Testing need not delay your plans—usually there is a considerable lag time between when people first start thinking about renovating and when the work gets underway.  And of course, you don’t have to wait until you decide to renovate—it is a good idea to test your home for radon anytime, just to be certain.

In 2007 Health Canada lowered the acceptable level for radon in homes to bring it into line with international guidelines. It also made recommendations for new home construction and measures to deal with radon problems in existing homes.

If your home shows that radon is present above acceptable levels, there is a whole range of things that can be done to bring it down. Possible measures to prevent radon from entering the house include sealing cracks and other openings or depressurizing the basement (essentially sucking the air out from below the slab). Installing a heat recovery ventilator (HRV) to increase ventilation in the whole house can also reduce the amount of radon in the air. This is where a professional renovator can be very helpful, and can discuss with you how to integrate these measures with the rest of the renovation work, and how they may affect the work and your budget.

There is a wealth of great information and advice available from a number of sources, including Health Canada and the Canadian Lung Association to help you learn more about radon and its effects, myths and facts, how to test for it in your own home and approaches to deal with it, should this prove necessary. Provincial governments may also have helpful information.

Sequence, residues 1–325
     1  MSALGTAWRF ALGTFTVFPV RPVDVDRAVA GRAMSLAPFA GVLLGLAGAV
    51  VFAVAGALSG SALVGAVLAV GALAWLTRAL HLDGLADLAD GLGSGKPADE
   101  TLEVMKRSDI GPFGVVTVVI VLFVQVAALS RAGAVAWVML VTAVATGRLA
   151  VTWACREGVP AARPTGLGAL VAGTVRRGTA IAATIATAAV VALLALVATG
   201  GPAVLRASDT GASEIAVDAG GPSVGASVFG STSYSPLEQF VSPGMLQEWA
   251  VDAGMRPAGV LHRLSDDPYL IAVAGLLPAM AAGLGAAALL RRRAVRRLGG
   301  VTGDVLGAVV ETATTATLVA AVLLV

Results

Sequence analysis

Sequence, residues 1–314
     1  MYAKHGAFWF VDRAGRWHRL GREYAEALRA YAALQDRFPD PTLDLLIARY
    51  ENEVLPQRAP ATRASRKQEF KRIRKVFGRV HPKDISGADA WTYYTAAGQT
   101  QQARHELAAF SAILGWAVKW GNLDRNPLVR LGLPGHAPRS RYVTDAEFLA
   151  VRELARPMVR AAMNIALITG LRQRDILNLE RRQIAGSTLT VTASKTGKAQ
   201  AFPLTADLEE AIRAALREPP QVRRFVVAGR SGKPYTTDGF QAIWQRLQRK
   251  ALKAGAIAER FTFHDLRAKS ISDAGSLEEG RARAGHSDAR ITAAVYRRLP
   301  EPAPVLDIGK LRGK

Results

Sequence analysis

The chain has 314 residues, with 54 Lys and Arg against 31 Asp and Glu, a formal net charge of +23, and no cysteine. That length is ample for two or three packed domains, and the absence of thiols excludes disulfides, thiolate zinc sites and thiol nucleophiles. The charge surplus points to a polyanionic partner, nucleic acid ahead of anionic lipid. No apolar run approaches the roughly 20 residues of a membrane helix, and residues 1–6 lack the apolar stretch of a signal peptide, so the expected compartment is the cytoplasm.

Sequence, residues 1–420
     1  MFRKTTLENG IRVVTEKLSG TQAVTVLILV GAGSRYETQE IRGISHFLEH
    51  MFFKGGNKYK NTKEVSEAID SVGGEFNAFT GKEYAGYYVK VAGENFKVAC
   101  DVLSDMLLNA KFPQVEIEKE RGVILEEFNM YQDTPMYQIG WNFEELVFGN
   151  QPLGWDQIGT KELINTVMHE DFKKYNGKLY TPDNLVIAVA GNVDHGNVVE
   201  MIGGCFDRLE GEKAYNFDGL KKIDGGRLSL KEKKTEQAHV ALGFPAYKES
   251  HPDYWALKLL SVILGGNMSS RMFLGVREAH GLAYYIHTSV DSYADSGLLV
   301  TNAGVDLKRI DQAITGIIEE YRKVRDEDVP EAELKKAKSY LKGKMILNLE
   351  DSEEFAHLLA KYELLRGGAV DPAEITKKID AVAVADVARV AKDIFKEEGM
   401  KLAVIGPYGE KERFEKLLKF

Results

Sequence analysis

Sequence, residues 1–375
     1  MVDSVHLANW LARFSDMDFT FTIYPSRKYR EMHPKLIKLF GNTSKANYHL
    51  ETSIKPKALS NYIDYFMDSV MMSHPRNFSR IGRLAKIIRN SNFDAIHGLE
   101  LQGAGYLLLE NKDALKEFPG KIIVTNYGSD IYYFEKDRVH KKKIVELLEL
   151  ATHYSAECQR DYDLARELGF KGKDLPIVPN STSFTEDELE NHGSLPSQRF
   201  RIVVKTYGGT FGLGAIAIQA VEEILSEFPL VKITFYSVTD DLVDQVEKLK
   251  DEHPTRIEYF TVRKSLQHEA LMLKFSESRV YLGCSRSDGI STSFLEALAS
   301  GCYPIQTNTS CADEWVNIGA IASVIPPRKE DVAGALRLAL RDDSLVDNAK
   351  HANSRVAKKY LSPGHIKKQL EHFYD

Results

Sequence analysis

Find The Right Contractor

Once you have set your renovation goals and priorities, you need to find the right contractor to carry out your project. The type of renovation professional you need will depend on what's involved in your project.

  • For simple projects involving only one activity such as replacement of roofing, siding or windows, a specialized trade contractor or contract installer may be best.
  • If your project involves changes to your heating, electrical or plumbing systems, you should consult a licensed trade contractor.
  • For renovation projects that will involve more than one trade or require structural changes to your home, you should look for a general renovation contractor who can manage all aspects of the work, including development of detailed plans.

Regardless of the type of work involved in your project, you need to make sure that any contractor you hire has the necessary skill and experience to do the job right. Professional contractors run their businesses properly, have a track record of satisfied customers and will provide you with customer references upon request.

To get the names of contractors in your community, visit www.nbhomebuilders.ca or call the Canadian Home Builders’ Association NB to get the names of professional contractors in your area at (506) 459-7219.

It is important to interview any prospective contractor and discuss your project in detail before deciding who to hire.